New Zealand Southern Lights Replicated On Holographic Silver Crown Coin

The Reserve Bank of New Zealand have announced (18th January) the issue of a new silver coin that highlights the southern hemisphere’s own natural and astounding light show: the Aurora Australis. The Southern Lights (as many know them) form a spellbinding natural light show that produces shimmering sheets of colourful light that appear to dance across the sky. Most are very familiar with the Northern Lights, which have entertained and amazed those living in the Northern Hemisphere. The natural phenomenon occurs around both the northern and southern polar regions. Auroras occur when gaseous particles in the Earth’s atmosphere collide with charged particles released from the sun’s atmosphere. Solar winds blow charged particles known as electrons and protons toward Earth, where they are largely deflected by the Earth’s magnetic field. However, that magnetic field is weaker at either pole, allowing some particles to enter the atmosphere and collide with gas particles. Variations in colour are caused by the collisions of varying gas particles. Green auroras are the most common and are produced by oxygen molecules located about 60 miles above the earth. The rarer red auroras are produced by high-altitude oxygen, at heights of up to 200 miles. Nitrogen gases are needed to produce blue or purple aurora lights. These collisions emit light that we perceive as the dancing lights of the auroras, and once seen, they are never forgotten. New Zealand is home to the world’s largest dark-sky reserve, making it the perfect location for star gazing and observing nature’s ultimate light show.

The coin is produced by the Helvetic Mint on behalf of the Reserve Bank of New Zealand and is designed by Jonathan Gray of the New Zealand Post. It captures the magic of the Southern Lights in both its colour and its shimmering surface. This silver Proof coin has been produced using a holographic foiling technique in an effort to capture the magical shimmering of the Southern Lights. Part of the design also features the picturesque Church of the Good Shepherd at Lake Tekapo, where the Aoraki Mackenzie International Dark Sky Reserve is located.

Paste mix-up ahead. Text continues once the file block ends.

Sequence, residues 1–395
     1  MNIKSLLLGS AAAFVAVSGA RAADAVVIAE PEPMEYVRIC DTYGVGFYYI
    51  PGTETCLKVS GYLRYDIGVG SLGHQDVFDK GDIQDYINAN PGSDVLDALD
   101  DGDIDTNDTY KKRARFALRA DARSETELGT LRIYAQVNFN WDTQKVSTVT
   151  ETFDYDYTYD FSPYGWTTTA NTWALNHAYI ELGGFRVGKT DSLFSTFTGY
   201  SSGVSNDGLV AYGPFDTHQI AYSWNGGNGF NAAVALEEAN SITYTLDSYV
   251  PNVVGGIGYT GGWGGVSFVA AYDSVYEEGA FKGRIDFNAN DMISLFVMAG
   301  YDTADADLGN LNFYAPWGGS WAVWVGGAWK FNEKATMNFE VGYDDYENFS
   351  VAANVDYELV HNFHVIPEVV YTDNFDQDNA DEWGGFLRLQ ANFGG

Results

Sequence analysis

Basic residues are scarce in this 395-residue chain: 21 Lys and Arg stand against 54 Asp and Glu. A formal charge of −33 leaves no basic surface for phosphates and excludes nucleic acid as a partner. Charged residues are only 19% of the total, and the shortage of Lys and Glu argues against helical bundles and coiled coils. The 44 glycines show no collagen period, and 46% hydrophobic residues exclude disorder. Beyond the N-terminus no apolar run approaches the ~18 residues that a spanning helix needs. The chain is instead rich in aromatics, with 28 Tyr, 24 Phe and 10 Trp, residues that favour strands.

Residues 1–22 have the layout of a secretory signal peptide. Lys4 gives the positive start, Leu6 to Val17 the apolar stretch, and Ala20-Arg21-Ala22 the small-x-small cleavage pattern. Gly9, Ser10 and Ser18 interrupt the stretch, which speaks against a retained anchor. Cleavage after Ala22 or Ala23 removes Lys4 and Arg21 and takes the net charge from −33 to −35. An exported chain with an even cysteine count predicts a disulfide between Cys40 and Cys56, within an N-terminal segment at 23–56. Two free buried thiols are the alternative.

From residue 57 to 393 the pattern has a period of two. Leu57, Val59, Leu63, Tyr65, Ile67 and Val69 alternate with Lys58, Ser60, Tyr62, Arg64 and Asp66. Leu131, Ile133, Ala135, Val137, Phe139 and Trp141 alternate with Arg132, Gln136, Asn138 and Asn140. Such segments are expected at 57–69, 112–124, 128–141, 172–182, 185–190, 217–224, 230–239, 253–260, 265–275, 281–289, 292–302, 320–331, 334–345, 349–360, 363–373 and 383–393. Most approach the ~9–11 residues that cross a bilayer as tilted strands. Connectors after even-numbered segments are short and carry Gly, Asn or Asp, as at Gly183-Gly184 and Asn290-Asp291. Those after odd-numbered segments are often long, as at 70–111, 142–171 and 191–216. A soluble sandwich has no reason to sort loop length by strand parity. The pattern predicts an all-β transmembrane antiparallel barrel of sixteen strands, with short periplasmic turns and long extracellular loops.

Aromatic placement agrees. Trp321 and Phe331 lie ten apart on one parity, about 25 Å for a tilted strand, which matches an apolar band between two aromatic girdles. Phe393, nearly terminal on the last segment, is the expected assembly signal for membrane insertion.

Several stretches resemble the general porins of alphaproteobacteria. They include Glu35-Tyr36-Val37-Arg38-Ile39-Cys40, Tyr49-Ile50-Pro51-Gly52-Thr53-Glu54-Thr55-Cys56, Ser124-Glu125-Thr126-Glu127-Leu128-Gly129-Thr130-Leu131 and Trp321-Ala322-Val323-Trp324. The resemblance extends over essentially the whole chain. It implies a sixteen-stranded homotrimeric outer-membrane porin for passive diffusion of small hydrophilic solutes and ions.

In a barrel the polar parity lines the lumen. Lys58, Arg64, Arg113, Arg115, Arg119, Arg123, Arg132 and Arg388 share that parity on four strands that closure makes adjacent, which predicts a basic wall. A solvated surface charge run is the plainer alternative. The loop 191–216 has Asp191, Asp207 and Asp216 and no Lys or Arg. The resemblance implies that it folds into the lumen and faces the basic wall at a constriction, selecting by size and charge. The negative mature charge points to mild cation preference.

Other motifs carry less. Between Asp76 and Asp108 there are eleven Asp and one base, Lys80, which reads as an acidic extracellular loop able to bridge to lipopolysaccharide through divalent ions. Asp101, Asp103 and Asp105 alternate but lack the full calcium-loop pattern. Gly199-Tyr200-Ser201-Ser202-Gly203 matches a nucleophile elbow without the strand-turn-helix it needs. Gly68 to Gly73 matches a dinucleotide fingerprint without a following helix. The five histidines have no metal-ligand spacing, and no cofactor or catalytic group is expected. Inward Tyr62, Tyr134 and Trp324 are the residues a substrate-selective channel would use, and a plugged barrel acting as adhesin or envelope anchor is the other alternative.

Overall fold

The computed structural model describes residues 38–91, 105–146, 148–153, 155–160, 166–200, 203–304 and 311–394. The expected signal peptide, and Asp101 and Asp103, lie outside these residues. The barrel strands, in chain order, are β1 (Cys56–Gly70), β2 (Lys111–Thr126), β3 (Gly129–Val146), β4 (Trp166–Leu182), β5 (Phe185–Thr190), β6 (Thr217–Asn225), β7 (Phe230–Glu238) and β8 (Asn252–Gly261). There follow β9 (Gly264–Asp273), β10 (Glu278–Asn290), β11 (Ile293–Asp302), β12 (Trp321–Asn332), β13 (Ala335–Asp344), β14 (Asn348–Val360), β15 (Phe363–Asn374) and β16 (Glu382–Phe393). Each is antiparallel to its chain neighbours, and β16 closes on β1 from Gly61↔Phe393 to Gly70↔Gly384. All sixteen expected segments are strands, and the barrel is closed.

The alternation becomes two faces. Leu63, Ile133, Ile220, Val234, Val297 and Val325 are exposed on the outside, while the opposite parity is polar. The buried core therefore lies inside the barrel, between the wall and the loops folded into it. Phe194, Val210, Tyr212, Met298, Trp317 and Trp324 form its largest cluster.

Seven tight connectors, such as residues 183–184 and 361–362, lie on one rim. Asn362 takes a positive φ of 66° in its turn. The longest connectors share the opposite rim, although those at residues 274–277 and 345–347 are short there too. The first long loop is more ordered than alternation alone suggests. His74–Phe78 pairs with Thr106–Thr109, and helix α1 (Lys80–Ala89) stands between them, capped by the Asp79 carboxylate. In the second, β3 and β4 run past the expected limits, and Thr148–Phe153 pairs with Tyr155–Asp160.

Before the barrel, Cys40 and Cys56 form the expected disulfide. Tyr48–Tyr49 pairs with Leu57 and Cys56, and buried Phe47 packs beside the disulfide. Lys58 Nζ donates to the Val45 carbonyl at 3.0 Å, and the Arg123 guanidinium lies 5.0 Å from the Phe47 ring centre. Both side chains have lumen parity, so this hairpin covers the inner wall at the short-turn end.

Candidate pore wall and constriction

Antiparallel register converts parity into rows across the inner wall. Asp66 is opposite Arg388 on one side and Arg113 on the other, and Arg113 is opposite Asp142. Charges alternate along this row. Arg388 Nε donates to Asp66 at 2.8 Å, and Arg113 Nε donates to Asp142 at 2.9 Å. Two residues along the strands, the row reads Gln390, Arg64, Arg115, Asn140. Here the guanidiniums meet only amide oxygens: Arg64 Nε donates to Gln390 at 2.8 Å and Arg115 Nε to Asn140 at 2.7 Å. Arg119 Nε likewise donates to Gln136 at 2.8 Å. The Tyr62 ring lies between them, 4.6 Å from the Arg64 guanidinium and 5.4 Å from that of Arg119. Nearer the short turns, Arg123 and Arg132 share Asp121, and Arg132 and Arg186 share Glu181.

The obverse includes an effigy of HM Queen Elizabeth II that is the work of Ian Rank-Broadley and has been used on all New Zealand circulation and many commemorative coins since 2000.






Mintage Limit


.999 silver

31.1 g

40 mm

Proof & holographic foil


Each coin is accompanied by an individually numbered certificate of authenticity, and displayed in an elegant custom case. For more information on this and other coins issued by the Reserve Bank of New Zealand, please visit the website of New Zealand Post, official distributors of New Zealand collector coins.


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